Oldest fragment of modern human genome found
WASHINGTON, USA| Scientists claim to have pulled out the oldest fragment of the modern human genome from the bones of two cavemen, of about 7,000 years old, which were unearthed in Spain.
The skeletons, speculated to be of two young adult males, were found by chance, in 2006, by explorers, in a cavern high in the Cantabrian mountain range. One of the researchers, Carles Lalueza-Fox, a paleogeneticist at the Spanish National Research Council, suggested, “These are the oldest partial genomes from modern human prehistory.” The team recovered as much as 1.34 per cent and 0.5 per cent of the human genome from the cavemen’s bones, who are thought to have been hunter-gatherers.
Notably cold temperatures of the winter in the region, facilitated in the natural preservation of the DNA in their bones. These date back to the Mesolithic period, before agriculture reached the Iberian Peninsula with Neolithic settlers from the Middle east, as per the researchers. Analyses exposed the fact that current populations of the Iberian Peninsula, which includes Spain, Portugal and Andorra, are not genetically linked with these ancient cavemen. Instead, they were genetically closer to the current populations of northern Europe. The scientists have also recovered the complete mitochondrial DNA of one of these cavemen, which indicate that Europeans during the Mesolithic were very uniform genetically.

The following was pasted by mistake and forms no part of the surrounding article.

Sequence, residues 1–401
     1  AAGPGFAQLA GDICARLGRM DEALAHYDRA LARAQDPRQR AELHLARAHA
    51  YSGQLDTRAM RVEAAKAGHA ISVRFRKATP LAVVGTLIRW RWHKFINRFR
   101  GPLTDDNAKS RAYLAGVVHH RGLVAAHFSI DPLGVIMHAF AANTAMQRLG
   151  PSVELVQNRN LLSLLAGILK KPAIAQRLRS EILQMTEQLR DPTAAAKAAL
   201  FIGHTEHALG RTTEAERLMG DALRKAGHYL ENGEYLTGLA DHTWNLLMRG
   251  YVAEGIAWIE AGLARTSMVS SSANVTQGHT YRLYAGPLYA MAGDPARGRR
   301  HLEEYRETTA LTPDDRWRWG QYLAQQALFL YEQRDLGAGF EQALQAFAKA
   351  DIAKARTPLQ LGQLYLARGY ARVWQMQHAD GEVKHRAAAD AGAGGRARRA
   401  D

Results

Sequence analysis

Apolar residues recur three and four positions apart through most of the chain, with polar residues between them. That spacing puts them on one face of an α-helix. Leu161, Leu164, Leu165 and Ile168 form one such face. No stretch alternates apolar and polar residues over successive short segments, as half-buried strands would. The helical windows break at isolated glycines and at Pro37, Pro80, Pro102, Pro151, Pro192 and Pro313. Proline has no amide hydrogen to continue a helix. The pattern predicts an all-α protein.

“Despite their geographical distance, individuals from the regions corresponding to the current England, Germany, Lithuania, Poland and Spain shared the same mitochondrial lineage,” Lalueza-Fox said. “These hunters-gatherers shared nomadic habits and had a common origin.” The team now targets to complete the genomes of both cavemen. Such data could help “explore genes that have been modified with the arrival of the Neolithic in the European populations,” Lalueza-Fox added.
These interesting findings have been published in the journal Current Biology.